The Critical Mass Reports on “Contaminated Trust” during the COVID-19 Pandemic

Over one million citizens of Kazakhstan have tested positive for Covid-19 since March 2020. With the delivery of the Russian Sputnik-V vaccine in February and development of a Kazakh vaccination QVac, 41.5% of the population are now fully vaccinated. Nonetheless many people remain vaccine hesitant, with disinformation and misinformation circulating about the virus and vaccine in the Kazakh media.

On December 13, 2021, The Critical Mass (TCM) released a new research report, “Contaminated Trust: Public Health Disinformation and Its Societal Impacts in Georgia, Kazakhstan and Ukraine,” which provides front-line perspectives on how medical disinformation impacts healthcare decision-making in Georgia, Kazakhstan, and Ukraine. The Critical Mass, with support from the U.S. Department of State Global Engagement Center, used a mixed-methods research design consisting of a literature review, media diaries, in-depth interviews, and online-media content analysis. They conducted in-depth interviews with media, medical, and civil society leaders about the professional and personal impacts perpetrated by a variety of disinformation disseminators. Some of these are associated with the Russian government and others as affiliated with anti-Western or anti-liberal political, economic, and commercial interests. The team presented preliminary findings from this report at a webinar hosted by the Oxus Society in June.

Analysis of expert interviews, media content analysis, and media diaries from participants in TCM’s study found that political infighting and lack of access to trustworthy information drive citizens to seek out non-traditional media sources, social media, and other closed networking groups on platforms such as Facebook, YouTube, Instagram, Telegram, and WhatsApp.

The report finds that news from the traditional media is highly technical. As a result, misinformation and disinformation messages using simple language are more broadly consumed and shared. “It takes too long to get a reaction from the Ministry of Health, and while they take their time to react, alternative sources of information emerge. If they do not react at all, rumors start to spread. Rumors also prevail in social networks. There is a rule, that if a rumor is confirmed by ten people, it becomes an axiom,” stated one expert. Most experts in Kazakhstan do not believe inaccurate messaging is intentional. But the lack of editorial oversight and fact-checking results in the dissemination of fake news about the virus and vaccine.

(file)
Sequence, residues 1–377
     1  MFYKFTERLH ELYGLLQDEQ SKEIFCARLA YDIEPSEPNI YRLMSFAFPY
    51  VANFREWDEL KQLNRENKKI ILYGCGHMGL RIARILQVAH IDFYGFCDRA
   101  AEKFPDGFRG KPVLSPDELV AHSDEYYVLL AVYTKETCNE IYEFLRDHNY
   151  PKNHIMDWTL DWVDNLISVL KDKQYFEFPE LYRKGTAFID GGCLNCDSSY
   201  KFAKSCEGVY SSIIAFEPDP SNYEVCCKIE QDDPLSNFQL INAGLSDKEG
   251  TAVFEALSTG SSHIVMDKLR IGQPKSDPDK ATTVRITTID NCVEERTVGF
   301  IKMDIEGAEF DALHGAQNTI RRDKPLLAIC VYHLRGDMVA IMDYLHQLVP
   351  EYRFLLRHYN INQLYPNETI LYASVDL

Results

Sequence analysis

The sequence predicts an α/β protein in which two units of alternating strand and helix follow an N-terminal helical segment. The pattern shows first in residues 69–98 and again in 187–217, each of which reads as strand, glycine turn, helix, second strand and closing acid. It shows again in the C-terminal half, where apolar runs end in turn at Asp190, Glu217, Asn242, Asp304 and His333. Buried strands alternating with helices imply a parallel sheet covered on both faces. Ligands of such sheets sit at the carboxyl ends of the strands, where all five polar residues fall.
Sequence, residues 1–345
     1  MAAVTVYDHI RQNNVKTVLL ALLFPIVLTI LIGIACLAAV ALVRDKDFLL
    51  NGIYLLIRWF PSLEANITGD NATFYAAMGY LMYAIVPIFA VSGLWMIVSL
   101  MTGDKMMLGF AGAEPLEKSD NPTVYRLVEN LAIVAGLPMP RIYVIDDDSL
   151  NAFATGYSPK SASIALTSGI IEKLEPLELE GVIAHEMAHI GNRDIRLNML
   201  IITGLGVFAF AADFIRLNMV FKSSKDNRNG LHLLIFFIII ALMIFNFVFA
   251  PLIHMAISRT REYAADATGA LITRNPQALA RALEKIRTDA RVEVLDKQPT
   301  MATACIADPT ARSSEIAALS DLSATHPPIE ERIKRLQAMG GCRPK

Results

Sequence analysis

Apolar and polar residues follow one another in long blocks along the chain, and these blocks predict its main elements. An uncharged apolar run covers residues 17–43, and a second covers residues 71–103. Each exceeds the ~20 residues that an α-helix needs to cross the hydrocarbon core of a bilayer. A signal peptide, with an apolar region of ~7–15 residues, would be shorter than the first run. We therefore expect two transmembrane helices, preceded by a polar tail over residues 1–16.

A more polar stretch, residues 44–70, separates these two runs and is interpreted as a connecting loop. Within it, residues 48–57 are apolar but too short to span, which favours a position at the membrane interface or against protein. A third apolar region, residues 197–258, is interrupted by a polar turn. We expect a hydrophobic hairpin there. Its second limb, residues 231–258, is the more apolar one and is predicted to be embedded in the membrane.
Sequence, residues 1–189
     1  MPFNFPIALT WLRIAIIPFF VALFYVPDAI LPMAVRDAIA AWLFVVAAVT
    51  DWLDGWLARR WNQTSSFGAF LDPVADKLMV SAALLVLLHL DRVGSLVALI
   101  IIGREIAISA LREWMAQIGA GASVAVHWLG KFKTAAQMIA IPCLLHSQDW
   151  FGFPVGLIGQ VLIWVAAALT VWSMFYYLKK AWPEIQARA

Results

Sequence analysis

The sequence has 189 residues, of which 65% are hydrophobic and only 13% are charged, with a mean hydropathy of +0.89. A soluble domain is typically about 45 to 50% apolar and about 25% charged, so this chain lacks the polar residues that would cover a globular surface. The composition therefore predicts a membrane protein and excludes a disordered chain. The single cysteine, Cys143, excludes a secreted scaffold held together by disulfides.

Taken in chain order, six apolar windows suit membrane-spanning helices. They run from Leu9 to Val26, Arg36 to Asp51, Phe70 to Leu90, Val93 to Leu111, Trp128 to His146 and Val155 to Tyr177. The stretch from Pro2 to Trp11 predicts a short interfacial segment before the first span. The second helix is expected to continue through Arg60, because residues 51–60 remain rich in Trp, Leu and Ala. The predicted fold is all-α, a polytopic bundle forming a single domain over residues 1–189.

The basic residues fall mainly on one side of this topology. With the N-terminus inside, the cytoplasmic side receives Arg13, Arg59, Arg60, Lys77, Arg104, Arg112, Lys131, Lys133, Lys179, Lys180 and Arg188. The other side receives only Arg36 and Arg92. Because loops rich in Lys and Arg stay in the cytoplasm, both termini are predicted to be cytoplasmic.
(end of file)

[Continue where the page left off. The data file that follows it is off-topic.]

This is not just about spreading false information. Such information further undermines trust in a public health system that people already lack faith in due to systematic corruption. With such low levels of trust in healthcare workers, experts reported misinformation has caused a rise in dangerous self-treatments.

What Can be Done?

The report points to a number of ways different stakeholders can address this. experts recommended setting up a single platform with representatives of public health institutions, where an open dialogue could exist between citizens, journalists, and experts. The government should design evidence-based, easy-to-understand public information campaigns about the pandemic. These could complement the existing vaccine chatbot launched by the Red Cross in February.

The government should also take steps to support the embattled public health sector. Experts also recommended the Ministry of Healthcare establish programs for regional medical associations to coordinate with physicians through continuing medical education programs. Better pay and working conditions would help retain more healthcare workers and reduce incentives for corruption. The report suggests that greater efforts could be made in the public health sector to increase transparency. These include documenting and publicizing the research and development process of various technologies, which would build faith in the scientific rigor behind treatments and vaccines. Together, these measures could reduce the spread of misinformation and lead to lower levels of vaccine hesitancy. This will be crucial as the winter months set in.